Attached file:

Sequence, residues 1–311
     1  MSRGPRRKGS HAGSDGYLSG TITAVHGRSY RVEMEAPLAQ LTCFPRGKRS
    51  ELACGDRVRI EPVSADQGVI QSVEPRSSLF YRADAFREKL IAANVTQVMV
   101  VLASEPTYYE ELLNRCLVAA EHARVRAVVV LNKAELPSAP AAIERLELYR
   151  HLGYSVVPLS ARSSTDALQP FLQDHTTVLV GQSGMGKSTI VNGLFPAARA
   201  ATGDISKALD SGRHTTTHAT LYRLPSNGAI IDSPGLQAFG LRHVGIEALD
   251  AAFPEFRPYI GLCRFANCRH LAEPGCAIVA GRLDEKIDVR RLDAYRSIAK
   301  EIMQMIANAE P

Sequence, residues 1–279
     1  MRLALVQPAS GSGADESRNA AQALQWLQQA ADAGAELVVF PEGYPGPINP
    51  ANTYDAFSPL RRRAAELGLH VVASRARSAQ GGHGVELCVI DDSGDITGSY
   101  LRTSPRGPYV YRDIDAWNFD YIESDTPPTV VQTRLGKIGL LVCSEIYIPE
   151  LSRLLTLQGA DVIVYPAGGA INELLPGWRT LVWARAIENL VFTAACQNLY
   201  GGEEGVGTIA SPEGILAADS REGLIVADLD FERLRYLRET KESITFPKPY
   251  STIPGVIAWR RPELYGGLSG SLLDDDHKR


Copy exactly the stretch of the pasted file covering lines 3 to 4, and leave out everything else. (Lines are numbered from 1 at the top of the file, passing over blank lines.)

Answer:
    51  ELACGDRVRI EPVSADQGVI QSVEPRSSLF YRADAFREKL IAANVTQVMV
   101  VLASEPTYYE ELLNRCLVAA EHARVRAVVV LNKAELPSAP AAIERLELYR